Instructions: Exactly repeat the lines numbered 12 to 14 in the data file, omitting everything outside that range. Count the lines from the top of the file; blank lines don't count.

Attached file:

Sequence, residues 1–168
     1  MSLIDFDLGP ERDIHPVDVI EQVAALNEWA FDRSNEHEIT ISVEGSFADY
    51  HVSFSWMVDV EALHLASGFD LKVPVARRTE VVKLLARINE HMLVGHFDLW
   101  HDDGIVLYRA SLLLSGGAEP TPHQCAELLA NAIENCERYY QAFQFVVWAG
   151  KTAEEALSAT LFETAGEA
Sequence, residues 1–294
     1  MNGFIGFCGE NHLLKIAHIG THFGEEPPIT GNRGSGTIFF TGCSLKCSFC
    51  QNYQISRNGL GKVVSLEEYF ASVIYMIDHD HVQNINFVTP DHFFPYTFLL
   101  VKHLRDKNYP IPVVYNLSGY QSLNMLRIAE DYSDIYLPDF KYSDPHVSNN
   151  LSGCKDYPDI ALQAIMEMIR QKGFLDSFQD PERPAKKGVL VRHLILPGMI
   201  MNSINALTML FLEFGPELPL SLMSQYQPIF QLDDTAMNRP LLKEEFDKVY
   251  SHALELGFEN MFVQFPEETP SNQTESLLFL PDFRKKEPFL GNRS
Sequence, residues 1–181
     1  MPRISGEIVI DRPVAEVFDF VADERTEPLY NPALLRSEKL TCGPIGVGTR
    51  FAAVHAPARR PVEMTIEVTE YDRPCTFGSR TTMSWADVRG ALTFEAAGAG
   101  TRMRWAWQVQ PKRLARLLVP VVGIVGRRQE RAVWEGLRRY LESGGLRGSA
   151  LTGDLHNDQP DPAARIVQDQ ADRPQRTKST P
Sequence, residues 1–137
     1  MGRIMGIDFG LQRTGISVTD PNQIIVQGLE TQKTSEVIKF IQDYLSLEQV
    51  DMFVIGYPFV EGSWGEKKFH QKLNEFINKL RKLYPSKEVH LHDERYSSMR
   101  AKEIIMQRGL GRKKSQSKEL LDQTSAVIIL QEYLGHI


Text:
   251  SHALELGFEN MFVQFPEETP SNQTESLLFL PDFRKKEPFL GNRS
Sequence, residues 1–181
     1  MPRISGEIVI DRPVAEVFDF VADERTEPLY NPALLRSEKL TCGPIGVGTR